Regulatory framework will lay the foundation for the many of the other issues. The primary regulatory framework issues include determining whether voice over IP should be considered interstate or intrastate, and whether it should be classified as a telecommunication service or an information service.

Furthermore, there seems to be a recognition that perhaps these two classifications are no longer useful in the context of voice over IP, a point both Powell and Abernathy seemed to acknowledge. These are critical threshold questions that will dictate much about how IP voice is regulated.

The comments of the commissioners suggest they are leaning toward defining voice over IP as an interstate information service, or creating a new classification, separate from the regulatory baggage associated with the terms "telecommunication service" and "information service," that will allow Voip to be treated without excessive regulation.

Such a determination is absolutely critical to ensure that Voip is not overregulated. From a regulatory perspective, saying that a service is an interstate information service is somewhat at odds with itself. Nonetheless, in order to stave off fragmented state regulation, the FCC will likely move quickly to characterize Voip as interstate, a somewhat easy decision to make.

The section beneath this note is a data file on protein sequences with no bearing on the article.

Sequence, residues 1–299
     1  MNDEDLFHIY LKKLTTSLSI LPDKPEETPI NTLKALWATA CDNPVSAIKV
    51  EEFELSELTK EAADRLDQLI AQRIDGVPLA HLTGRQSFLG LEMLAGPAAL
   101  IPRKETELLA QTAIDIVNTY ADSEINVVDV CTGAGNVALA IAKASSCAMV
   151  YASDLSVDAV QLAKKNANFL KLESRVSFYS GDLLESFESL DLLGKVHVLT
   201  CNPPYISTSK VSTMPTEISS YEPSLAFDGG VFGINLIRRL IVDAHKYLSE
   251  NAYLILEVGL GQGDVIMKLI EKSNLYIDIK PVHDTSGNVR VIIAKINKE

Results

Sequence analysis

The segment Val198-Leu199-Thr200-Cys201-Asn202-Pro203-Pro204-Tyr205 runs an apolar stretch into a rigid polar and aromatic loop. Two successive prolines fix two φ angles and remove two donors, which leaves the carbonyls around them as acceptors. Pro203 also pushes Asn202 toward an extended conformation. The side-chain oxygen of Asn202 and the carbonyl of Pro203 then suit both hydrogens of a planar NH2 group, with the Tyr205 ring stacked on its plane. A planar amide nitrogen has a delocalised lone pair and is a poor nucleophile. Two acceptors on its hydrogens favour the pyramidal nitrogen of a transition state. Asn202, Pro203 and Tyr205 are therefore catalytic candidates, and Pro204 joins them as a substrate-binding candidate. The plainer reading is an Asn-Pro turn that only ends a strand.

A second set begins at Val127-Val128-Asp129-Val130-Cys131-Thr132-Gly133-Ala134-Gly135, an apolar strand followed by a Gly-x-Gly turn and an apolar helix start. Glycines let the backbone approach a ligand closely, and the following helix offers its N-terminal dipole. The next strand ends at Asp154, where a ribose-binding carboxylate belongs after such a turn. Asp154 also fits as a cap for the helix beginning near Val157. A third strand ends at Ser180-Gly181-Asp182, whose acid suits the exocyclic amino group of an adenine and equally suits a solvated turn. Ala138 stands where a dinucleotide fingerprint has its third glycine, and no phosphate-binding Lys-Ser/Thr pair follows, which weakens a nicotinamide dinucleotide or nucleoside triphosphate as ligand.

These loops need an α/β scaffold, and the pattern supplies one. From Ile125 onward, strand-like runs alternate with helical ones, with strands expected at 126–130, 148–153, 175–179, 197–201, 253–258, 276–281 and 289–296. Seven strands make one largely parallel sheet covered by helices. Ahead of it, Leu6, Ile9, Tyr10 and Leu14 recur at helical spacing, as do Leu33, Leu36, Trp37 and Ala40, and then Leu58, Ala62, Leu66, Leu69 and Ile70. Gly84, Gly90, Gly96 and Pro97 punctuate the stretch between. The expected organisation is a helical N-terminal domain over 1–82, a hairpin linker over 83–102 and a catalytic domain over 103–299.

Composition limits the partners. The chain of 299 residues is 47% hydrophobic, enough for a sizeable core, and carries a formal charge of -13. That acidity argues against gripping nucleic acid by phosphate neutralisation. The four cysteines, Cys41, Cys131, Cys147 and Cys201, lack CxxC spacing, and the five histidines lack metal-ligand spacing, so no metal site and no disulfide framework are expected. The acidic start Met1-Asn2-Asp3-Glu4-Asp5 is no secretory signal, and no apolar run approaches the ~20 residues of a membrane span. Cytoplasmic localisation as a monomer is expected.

While subsequently addressing the more challenging issue of whether Voip is a telecommunication service versus information service with a likely conclusion that MOST Voip services will be treated as information services. Creating a new classification will present challenges to the Commission given the statutory basis and precedent surrounding the terms "telecommunication services" and "information services."

Nonetheless, a determination, for example, that Voip is intrastate and a telecommunication service would necessarily impose fragmented state regulation and a plethora of arcane, complex telecommunication regulations on Voip.